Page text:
By stacking your trays, you mimic the conditions of being planted into the ground. The darkness, moisture retention, and seed resistance are optimized through this method. By stacking your trays and adding weight, you are giving your seeds what they need to sprout and root effectively, giving them something to push up against to get their roots into the growing medium.

    Monitoring Germination Progress

    As the days pass, you will observe the exciting development of your microgreens pushing up on the trays above. But do not peek, just leave them be! The more you intervene, the more opportunity for diseases or disaster. Each time you lift the trays, its a new opportunity for new mold spores to enter the environment. Additionally, you can damage the crops because all the weight will shift to the back side as they are at their most fragile growth stage.

    I know its tempting, but the best thing for you to do is observe from afar. Don’t lift the trays or peek inside - just leave them be!

    When you see the trays start pushing up, like the image above, this is how you know when the germination phase is ending, marking the transition to the next stage of growth for your microgreens trays. Just be careful not to let them germinate too long or they might topple over!

    racks of trays under grow lights

    Step 4: Transition to Growth Under Grow Lights

    Introducing Grow Lights

    Transition your trays from germination to the growth phase by placing your trays under specialized grow lights. I typically use only one T5 light per shelf on my racks for most microgreen varieties, although I do use two for some. Experiment with the number of lights per shelf and your light schedule so you can dial in your farm and learn what works bets for you and your crops. 

    I’ve been running a light schedule of 12 hours on and 12 hours off, having the lights on during the night and off during the day to improve the efficiency of my farm since my fluorescent lights give off some heat. Each farm will be different, though, so find what works best for you and your greens.

    Daily Watering Routine

    The first watering after going under lights is one of the most important. After a few days with no additional water (because we don’t touch our trays when they are in germination), your trays need a good watering. Ensure you give them enough water, but not too much, right when they go under lights. 

    This is typically the only time I will TOP water during the growing phase, but if you’re growing something like sunflower, you can top water for a few days to help remove those seed hulls. As your microgreens develop a canopy, you definitely want to be bottom watering because a wet canopy can damage your greens and make them more prone to disease and rot.

    Establishing a consistent daily watering routine for your microgreens is essential. I recommend watering once daily in the morning, but you can adjust your watering practices for your farm and your life. These daily waterings are done by adding water between the trays of your tray set. The water will sit in the bottom tray that doesn’t have holes and absorb upwards into the growing medium so your plants have access.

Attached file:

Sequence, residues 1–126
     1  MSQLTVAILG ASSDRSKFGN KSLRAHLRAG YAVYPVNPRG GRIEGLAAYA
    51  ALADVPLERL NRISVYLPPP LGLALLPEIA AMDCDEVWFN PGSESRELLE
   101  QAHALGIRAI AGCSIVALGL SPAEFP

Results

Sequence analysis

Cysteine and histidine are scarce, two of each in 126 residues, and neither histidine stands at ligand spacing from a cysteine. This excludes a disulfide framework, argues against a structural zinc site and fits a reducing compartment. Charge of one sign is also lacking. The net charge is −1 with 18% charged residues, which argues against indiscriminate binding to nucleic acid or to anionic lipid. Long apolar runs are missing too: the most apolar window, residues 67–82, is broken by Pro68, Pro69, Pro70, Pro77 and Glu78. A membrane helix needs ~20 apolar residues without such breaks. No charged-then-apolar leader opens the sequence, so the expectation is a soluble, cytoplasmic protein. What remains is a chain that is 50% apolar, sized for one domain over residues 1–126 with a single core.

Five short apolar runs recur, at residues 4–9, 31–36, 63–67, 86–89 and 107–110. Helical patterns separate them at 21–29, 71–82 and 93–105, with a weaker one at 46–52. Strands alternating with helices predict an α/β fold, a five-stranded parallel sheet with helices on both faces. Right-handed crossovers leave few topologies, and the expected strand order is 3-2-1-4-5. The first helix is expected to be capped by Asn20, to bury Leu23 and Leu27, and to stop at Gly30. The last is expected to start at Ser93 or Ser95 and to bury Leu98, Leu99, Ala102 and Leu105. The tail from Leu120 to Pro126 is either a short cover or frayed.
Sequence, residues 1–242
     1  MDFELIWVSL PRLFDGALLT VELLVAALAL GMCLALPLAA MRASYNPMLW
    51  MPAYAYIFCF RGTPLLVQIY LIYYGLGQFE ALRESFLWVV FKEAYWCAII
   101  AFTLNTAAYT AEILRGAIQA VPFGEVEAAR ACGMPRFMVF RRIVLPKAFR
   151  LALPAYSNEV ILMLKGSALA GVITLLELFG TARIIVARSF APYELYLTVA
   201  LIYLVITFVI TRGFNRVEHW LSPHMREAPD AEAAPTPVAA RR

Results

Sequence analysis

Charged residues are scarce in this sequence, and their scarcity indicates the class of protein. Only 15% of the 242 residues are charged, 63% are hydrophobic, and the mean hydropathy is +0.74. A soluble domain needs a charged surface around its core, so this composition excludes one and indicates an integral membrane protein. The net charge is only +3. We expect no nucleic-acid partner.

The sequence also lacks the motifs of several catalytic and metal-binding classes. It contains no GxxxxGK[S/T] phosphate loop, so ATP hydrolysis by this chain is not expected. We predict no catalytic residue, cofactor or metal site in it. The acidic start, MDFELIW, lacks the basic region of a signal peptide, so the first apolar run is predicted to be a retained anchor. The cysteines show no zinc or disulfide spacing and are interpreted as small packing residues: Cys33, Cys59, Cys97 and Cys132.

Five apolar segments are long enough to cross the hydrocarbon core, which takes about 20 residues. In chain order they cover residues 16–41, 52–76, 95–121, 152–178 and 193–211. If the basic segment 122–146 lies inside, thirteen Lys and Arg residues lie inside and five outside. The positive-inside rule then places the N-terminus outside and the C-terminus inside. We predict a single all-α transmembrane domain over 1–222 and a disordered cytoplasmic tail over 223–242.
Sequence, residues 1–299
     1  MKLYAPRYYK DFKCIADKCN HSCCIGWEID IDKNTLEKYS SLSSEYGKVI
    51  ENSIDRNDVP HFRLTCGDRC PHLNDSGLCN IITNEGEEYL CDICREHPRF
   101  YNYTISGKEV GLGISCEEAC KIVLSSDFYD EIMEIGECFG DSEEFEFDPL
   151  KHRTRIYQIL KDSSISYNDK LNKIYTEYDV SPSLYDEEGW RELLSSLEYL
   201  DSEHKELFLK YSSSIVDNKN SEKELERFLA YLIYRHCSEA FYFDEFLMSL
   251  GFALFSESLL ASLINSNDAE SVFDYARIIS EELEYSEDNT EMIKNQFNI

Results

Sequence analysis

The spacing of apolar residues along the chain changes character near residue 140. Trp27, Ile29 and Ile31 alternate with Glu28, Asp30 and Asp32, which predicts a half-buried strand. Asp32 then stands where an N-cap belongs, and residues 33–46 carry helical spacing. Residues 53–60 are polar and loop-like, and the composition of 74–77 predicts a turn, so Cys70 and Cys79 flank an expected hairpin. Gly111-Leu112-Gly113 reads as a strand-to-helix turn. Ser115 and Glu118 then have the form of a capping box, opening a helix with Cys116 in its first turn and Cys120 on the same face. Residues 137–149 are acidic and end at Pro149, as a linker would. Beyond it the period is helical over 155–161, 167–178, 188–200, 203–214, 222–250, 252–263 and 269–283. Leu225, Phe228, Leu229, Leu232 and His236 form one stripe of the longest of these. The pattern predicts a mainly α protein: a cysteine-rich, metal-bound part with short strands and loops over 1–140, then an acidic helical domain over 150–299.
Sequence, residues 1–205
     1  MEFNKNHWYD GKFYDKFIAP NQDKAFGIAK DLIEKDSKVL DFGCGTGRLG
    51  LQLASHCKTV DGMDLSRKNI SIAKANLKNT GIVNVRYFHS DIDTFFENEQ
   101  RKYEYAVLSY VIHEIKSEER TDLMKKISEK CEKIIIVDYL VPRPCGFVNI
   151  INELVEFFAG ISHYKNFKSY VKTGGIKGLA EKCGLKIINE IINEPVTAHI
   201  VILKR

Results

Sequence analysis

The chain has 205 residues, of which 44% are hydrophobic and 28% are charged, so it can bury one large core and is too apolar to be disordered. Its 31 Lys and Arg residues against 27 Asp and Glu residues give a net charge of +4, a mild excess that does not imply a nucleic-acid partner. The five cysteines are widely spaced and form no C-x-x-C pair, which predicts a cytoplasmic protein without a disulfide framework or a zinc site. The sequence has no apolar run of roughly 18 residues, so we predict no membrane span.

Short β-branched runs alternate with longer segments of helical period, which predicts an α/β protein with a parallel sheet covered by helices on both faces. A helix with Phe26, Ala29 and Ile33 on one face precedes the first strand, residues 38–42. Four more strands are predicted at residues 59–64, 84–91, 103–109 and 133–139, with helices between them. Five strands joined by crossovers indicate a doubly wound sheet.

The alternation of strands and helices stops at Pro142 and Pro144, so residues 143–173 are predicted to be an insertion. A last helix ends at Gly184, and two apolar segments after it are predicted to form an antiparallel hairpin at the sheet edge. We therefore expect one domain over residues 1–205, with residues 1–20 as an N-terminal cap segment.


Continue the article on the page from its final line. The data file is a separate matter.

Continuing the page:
Make sure you are honing into the tray’s weight, visual cues of dehydration/overwatering, and the soil color so you can properly water each tray as your microgreens mature. Each tray may be different because of location in the farm and human inconsistencies. One might need more than another, so don’t assume that each tray will be watered the same!

    Harvested sunflower shoots

    Step 5: Harvesting and Enjoying the Fruits (Greens) of Your Labor

    Determining Maturity

    After about a week, start to assess the maturity of your microgreens. Learn to understand the cues that indicate they are ready for harvest. Each variety will be different and require a different growth schedule. You may also want to grow out the second set of leaves (true leaves) on some varieties. Doing this with other varieties, like sunflowers (pictured above), will make them bitter. Sometimes, that schedule can change based on environmental or seasonal factors, so make sure you're continuously checking in with your greens!

    Harvesting Techniques

    Equip yourself with the right tools and techniques for harvesting your microgreens. Use a knife for a precise and careful harvest. Avoid tools like scissors that could pinch your stems, causing them to rot and reducing your quality/shelf life. 

    I take a small bunch in my hand and gently glide the blade at the base of the greens. Don’t get too close to the soil to kick any into the greens, but get low so you’re harvesting as much of the greens as possible for the highest yields. 

    Chefs typically like more leaf than stem, so you may want to harvest higher based on your customer’s preferences. Stay tuned for more blog posts in the future regarding the various opportunities for selling your microgreens.

    Savoring the Benefits

    You did it! Congratulate yourself on growing a great tray of microgreens. Relish in the incredible benefits these tiny plants have to offer, from enhanced nutrition to culinary delights and even bringing in revenue for you and your family. Microgreens can truly enrich your life in so many ways.

    By following this guide, you've gained the knowledge and skills to cultivate perfect microgreen trays in the comfort of your home. Whether you are learning this skill for yourself or a future business, you’ve taken the ideal steps to start your journey! 

    Related: A Quick Guide to Starting a Microgreens Business

    Written by: Donny Greens